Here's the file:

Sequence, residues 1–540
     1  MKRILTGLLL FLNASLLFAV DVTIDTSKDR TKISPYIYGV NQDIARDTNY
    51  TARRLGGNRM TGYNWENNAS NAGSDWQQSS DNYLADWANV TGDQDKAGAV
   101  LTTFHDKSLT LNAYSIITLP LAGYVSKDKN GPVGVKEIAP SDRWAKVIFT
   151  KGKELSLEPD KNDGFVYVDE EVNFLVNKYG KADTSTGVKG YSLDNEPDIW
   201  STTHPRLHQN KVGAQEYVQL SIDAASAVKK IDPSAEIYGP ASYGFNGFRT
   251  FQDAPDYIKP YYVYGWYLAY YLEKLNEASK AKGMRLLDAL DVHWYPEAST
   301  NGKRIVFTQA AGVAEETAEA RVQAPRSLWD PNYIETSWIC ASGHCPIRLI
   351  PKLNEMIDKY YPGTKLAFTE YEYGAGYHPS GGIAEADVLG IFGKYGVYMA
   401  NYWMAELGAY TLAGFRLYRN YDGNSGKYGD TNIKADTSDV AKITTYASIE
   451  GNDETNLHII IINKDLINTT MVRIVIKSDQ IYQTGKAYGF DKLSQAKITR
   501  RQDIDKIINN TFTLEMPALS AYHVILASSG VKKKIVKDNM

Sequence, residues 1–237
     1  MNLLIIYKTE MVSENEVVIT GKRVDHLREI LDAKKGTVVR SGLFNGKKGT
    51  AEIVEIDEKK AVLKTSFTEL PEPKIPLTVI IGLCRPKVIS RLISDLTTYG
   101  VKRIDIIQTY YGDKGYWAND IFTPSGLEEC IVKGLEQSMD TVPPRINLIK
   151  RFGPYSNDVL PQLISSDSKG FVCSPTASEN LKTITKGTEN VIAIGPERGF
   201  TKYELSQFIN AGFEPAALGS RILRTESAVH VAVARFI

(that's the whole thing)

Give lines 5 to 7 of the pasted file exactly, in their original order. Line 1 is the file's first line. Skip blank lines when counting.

   151  KGKELSLEPD KNDGFVYVDE EVNFLVNKYG KADTSTGVKG YSLDNEPDIW
   201  STTHPRLHQN KVGAQEYVQL SIDAASAVKK IDPSAEIYGP ASYGFNGFRT
   251  FQDAPDYIKP YYVYGWYLAY YLEKLNEASK AKGMRLLDAL DVHWYPEAST